by Certified Coach Alissa Gauger, MBA
Did you know that the first Baby Boomer turned age 70 on January 1, 2016, according to U.S. News & World Report? As a financial advisor, you know that there are many important steps for your clients to take in their 70s such as signing up for social security. And, after decades of saving for retirement, they now need to figure out how to actually retire and use their money to fund it!
This is where you come in. According to Ed Slott, author and public speaker, "they want hand holding." Slott was a General Session speaker at Northwestern Mutual's Eastern Regional who made a compelling case for using permanent insurance as a tool for clients beginning in their 60s (if not much sooner!).
Can you be the hand-holder? Are you fully educated about this opportunity? Are YOU sold on permanent insurance? If you answered no to any of these questions, now's your chance to make a big impact in your clients' lives by examining your belief system as well as your base of knowledge to make sure you're ready for the Boomer generation.
With the United States stock market "off to its worst start to a year ever" in 2016, according to USA Today, Slott said the timing could not be better to talk about permanent life insurance with your clients. The shaky start makes Boomers (and anyone invested in the market) feel a loss of control and may make them more open to a discussion about using whole life as a retirement tool in their portfolios.
"You have to really explain the benefit," he emphasized, explaining that an IRA or 401(k) is a problem in retirement because it's a diminishing asset with a tax liability tied to it. Instead of positioning whole life as a death benefit, talk about it like "moving money from one pocket to another," said Slott.
Slott said he hears clients ask, "What's in it for me? I pay all this money and drop dead and other people get the money." He explained that your clients will need your help to see permanent insurance in a new light. You can reposition retirement savings into a benefit instead of an expense if permanent insurance is an option. While there is a death benefit, Slott emphasized educating clients on all of the other ways permanent insurance is a very appropriate part of overall tax planning.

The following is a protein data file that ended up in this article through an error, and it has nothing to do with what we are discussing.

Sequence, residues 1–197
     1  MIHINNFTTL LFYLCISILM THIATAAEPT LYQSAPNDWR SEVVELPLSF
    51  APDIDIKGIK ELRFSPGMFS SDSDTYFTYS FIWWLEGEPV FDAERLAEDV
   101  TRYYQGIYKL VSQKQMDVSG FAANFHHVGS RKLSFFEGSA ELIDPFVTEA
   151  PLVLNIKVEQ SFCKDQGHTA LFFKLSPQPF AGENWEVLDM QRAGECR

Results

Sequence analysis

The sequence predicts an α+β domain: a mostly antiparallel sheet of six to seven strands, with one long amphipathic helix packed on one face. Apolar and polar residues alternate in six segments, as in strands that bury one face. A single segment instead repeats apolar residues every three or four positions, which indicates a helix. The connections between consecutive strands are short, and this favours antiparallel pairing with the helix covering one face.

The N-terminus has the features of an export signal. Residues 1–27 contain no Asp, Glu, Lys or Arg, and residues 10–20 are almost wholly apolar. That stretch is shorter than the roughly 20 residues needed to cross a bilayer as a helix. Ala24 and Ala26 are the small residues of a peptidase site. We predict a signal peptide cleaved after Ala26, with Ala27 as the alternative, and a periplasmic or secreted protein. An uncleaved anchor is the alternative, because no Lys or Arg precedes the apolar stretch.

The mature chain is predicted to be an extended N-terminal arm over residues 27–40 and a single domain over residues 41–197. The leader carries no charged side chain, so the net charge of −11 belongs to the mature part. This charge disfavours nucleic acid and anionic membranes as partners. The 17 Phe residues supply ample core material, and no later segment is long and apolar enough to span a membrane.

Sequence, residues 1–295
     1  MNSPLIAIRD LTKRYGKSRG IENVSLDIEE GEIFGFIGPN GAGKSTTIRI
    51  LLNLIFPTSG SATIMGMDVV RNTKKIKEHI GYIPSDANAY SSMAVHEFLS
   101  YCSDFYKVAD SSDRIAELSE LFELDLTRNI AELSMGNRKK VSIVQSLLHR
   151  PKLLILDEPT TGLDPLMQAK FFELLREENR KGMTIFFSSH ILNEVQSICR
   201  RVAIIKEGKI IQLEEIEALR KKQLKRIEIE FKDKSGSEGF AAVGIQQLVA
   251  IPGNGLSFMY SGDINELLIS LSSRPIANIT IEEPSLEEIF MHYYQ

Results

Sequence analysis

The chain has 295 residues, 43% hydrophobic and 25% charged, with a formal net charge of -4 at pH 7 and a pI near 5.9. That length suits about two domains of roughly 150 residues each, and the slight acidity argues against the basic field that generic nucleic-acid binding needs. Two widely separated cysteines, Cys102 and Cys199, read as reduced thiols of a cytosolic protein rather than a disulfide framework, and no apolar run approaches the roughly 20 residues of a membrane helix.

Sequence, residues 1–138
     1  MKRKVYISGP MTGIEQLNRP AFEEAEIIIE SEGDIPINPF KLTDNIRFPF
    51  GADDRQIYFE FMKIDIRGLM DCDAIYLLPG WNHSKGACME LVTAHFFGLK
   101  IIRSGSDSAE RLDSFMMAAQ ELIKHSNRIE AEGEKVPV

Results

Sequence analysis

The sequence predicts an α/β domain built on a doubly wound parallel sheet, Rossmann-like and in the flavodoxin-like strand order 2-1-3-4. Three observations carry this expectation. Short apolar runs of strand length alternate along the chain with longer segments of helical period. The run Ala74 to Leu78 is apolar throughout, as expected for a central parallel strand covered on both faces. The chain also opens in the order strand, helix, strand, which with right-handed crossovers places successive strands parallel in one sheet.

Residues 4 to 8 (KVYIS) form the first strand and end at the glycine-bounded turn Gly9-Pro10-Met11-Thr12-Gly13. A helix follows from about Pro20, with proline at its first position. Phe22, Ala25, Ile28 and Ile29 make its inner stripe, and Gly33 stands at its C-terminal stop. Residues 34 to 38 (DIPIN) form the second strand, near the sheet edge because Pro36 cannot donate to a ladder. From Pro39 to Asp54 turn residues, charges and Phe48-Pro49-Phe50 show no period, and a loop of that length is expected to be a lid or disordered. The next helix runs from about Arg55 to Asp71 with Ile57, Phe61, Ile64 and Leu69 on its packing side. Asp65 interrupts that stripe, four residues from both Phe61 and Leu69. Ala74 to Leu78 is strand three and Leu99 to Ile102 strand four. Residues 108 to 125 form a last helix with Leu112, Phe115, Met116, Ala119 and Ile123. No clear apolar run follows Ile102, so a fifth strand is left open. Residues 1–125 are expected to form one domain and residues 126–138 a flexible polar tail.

For example, your client's IRA or 401(k) is an expense with a lot of unknowns. Since there is a tax exemption for life insurance and no penalty for withdrawals in your 60s, Slott said to help your clients by setting up a system of withdrawals from their IRA in their 60s. He advised the audience to coach clients to pay the taxes now--while the amount is known and can be planned for since taxes will likely continue to increase over time, not decrease. Putting those dollars in life insurance provides the ability for your client to take withdrawals on their own timeline (instead of the required distributions which may increase their taxes) instead of having that mandated to them.
Some of my coaching clients have personal objections to selling whole life. If you are not convinced that this tool has a place, your clients will not see it either. Work on your own "objections" to selling this product if you have head trash getting in your way of using this tool when it is right for your clients. Consider investing in it yourself, if you haven't already, since you are in a "live it to give it" profession.
Coaching Tip Running a financial practice is a lot of work! Do you take enough time to educate yourself about financial and market trends and to learn what your clients need from you? If not, you're in the same boat as many well-intentioned advisors who are swamped working IN the business and not ON the business. How can you make time to keep your skills and knowledge fresh? Start by setting your intention and writing down the goals that will get you there. See if you can break it down to the daily actions it will take to bring your intention to life.